Using a Bond Arms derringer is pretty straightforward. Simply rotate the frame-mounted reloading lever downward, then rotate the barrel assembly upward, allowing the spring-loaded extractor to push the cartridges out far enough to grip and remove them, or load new cartridges. To fire, just firmly close the barrel assembly, cock the hammer and squeeze the trigger. The hammer face features a self-adjusting, spring-loaded block that alternates the firing sequence between the top and bottom barrels each time the hammer is cocked.
Leading The Pack
The Texas Defender, Ranger II, Snake Slayer, Snake Slayer IV, Patriot, and Backup are among the company’s most popular double-barreled designs. Lest you become confused, all Bond Arms guns, newer and previous versions, are still double-barreled derringers that have been precision-built like the proverbial bank vault door.
The Texas Defender ships with 3-inch barrels chambered in .45 Colt/.410 shotshell. Additional barrels in other calibers, however, can be purchased. It wears laminated black ash or rosewood grips and a triggerguard. With a weight of 20 ounces and overall length of 5 inches, I have always found the Texas Defender to balance very well and ride well in pockets as well as on belts.
The Patriot offers custom rosewood grips and all stainless steel construction. The grips are laser-engraved with a patriotic motif of a bald eagle superimposed on an American flag. This pistol can fire both .45 Colt rounds as well as .410-gauge shells through its 3-inch barrels.
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The 23.5-ounce Bond Ranger II and Snake Slayer IV double-barrels wear 4.25-inch barrels and have extended grips. Barrels are either chambered for .45 Colt/.410 or .38 Special/.357 Mag. Meanwhile, the Snake Slayer offers extended grips, a 3.5-inch barrel with.45 Colt or .38 Special/.357 Mag chamberings, a 5.5-inch overall length and a weight of 22 ounces. Black ash grips wearing inlayed stars adorn the Ranger and Ranger II pistols, along with custom driving/concealed-carry holsters. The Snake Slayer and Snake Slayer IV feature rosewood grips.
The Backup is somewhat different from other Bonds. The frame is matte black, while its 2.5-inch, matte stainless barrels are chambered in .45 ACP. The Backup is also available with replacement barrels in .38 Special/.357 Mag, .45 Colt and .40 S&W.
Newer Bond Arms Derringers
Newer models released by Bond Arms over the last few years include the Rustic Ranger, the Girl Mini and six models made specifically for use in California. The Rustic Ranger is a special-edition take on Bond’s popular Ranger II, and it’s built just for Cabela’s. Both the Ranger II and Rustic Ranger pistols come with removable triggerguards. Their 4.25-inch barrels can be chambered for .45 Colt/.410 shotshell.
For the Rustic Ranger, Bond kept the satin finish on the stainless steel, the removable triggerguard and the bulk of the traits found on the Ranger II. To distinguish the Rustic, the pistol arrives with extended rosewood grips wearing a two-tone star and a naturally finished Driving Holster. The slight reddish hue of the holster’s finish looks nice with the rosewood grips.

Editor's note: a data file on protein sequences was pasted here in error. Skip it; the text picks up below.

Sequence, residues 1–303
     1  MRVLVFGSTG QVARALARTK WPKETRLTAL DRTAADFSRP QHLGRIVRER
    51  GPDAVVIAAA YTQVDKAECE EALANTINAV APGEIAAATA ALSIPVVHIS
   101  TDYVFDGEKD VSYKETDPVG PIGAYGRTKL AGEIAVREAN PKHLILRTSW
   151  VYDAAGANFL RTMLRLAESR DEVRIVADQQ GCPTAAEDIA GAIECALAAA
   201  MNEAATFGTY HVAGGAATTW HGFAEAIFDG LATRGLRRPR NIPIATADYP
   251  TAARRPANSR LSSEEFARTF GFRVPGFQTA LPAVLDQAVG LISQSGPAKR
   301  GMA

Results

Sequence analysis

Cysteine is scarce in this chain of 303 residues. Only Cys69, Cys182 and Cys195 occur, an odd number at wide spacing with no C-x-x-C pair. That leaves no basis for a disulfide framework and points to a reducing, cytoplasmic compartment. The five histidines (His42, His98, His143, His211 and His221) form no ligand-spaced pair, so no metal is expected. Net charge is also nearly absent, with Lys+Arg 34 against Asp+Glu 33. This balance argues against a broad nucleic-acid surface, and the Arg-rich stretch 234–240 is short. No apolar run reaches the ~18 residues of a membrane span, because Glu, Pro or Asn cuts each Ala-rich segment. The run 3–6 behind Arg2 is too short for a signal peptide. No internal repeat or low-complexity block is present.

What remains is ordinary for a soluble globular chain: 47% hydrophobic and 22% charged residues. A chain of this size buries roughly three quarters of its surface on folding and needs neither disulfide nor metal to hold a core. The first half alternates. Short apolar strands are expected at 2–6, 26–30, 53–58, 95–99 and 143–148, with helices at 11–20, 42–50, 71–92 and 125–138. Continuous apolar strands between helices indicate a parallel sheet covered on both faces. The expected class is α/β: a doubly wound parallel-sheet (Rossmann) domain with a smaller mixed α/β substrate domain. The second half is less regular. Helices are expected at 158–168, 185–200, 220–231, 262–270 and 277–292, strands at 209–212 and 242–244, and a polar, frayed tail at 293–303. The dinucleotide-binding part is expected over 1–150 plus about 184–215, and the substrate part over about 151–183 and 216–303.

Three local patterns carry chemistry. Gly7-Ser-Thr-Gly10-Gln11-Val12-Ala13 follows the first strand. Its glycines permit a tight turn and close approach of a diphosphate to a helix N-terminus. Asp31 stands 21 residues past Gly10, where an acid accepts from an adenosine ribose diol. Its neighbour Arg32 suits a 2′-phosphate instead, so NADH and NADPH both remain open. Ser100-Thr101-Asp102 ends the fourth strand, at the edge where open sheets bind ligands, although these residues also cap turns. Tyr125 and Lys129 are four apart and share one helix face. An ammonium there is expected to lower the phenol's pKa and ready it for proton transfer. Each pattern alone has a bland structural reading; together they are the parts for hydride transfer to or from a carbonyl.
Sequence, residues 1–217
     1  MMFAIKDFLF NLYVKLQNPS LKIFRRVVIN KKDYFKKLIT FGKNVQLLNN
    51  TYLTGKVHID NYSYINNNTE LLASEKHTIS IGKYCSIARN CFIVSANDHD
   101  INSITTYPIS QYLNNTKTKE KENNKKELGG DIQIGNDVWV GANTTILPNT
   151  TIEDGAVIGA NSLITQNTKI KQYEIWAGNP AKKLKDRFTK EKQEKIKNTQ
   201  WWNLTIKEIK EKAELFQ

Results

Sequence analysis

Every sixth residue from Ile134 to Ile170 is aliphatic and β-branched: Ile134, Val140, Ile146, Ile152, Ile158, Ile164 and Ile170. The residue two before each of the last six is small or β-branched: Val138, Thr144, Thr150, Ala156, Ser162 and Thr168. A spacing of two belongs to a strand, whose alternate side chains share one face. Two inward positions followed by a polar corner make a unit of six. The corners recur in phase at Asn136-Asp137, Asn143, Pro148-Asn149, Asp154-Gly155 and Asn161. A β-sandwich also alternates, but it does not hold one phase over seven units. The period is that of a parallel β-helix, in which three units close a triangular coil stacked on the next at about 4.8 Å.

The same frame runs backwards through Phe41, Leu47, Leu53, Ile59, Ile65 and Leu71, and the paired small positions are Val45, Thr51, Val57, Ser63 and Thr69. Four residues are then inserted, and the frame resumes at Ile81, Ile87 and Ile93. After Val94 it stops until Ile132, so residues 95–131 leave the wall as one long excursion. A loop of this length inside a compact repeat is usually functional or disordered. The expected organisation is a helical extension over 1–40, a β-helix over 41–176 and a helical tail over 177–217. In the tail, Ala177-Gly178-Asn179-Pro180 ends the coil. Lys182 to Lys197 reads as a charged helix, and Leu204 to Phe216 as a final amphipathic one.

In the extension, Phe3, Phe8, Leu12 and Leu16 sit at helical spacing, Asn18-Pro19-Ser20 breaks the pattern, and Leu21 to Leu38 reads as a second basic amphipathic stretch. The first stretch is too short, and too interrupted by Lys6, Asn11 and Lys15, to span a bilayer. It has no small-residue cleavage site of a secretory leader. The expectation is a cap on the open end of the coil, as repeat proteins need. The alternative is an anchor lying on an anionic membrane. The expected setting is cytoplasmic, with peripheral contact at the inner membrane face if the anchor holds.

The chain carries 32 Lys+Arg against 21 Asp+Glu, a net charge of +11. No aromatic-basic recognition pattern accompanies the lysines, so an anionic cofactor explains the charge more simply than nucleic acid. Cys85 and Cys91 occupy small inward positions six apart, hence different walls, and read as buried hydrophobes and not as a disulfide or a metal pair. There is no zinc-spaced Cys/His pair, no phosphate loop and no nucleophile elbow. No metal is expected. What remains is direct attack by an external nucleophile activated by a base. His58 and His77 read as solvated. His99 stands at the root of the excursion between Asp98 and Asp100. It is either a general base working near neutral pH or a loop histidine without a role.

Bond’s Girl Mini will never be mistaken for a Rustic Ranger! It arrives with a 2.5-inch barrel chambered for .38 Special/.357 Mag (but can accept the other Bond barrels), no triggerguard and pink wooden grips. Overall length is 4.5 inches and weight of around 18 ounces, compared to the Rustic Ranger’s 6.25-inch length and 23.5-ounce weight. The Girl Mini presents an overall appearance that is similar to the Remington Double Derringer of the 1860s.
Then we have the California Models designed to meet the state’s requirements: the CA Big Bear, the CA Papa Bear, the CA Mama Bear, the CA Brown Bear and the CA Defender and CA Backup. Each California model contains the same traits in the non-California models, however the California guns are designed to only accept barrels from other CA-series pistols.
The CA Mama Bear, CA Defender and CA Backup have 2.5-inch barrels and ship chambered in 9mm, with the first two weighing 20 ounces and the CA Backup at 19 ounces. Grips for the CA Mama and CA Defender are wooden and not extended, with each offering pink ash and rosewood grips with an embossed star. The CA Backup has rubber grip panels with a bear emblem.
Bond’s Papa, Big and Brown Bears ship chambered for .45 LC with 3-inch barrels and a weight of 22 ounces. All three wear extended grips but the first two wear black rubber with a bear emblem. Big Bears have matte-black frames. Grips for Brown Bears are custom rosewood with bear emblems.
That is a whirlwind tour of some of Bond Arms’ new and established double-barrel handguns. If you are in the market for an ultra-compact backup, be sure and check out Bond Arms’ deep-cover handguns.
For more information, visit https://www.bondarms.com or call 817-573-4445.